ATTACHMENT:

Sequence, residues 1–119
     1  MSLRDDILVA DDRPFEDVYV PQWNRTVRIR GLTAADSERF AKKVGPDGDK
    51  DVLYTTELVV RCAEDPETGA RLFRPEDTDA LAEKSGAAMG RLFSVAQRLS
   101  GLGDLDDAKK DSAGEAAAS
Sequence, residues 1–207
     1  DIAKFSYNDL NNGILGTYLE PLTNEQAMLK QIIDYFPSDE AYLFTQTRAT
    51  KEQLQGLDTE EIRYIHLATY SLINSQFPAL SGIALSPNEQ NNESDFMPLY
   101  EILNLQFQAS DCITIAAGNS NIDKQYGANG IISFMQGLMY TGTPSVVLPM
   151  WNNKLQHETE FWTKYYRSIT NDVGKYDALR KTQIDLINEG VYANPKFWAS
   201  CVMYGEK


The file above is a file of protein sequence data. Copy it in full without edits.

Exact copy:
Sequence, residues 1–119
     1  MSLRDDILVA DDRPFEDVYV PQWNRTVRIR GLTAADSERF AKKVGPDGDK
    51  DVLYTTELVV RCAEDPETGA RLFRPEDTDA LAEKSGAAMG RLFSVAQRLS
   101  GLGDLDDAKK DSAGEAAAS
Sequence, residues 1–207
     1  DIAKFSYNDL NNGILGTYLE PLTNEQAMLK QIIDYFPSDE AYLFTQTRAT
    51  KEQLQGLDTE EIRYIHLATY SLINSQFPAL SGIALSPNEQ NNESDFMPLY
   101  EILNLQFQAS DCITIAAGNS NIDKQYGANG IISFMQGLMY TGTPSVVLPM
   151  WNNKLQHETE FWTKYYRSIT NDVGKYDALR KTQIDLINEG VYANPKFWAS
   201  CVMYGEK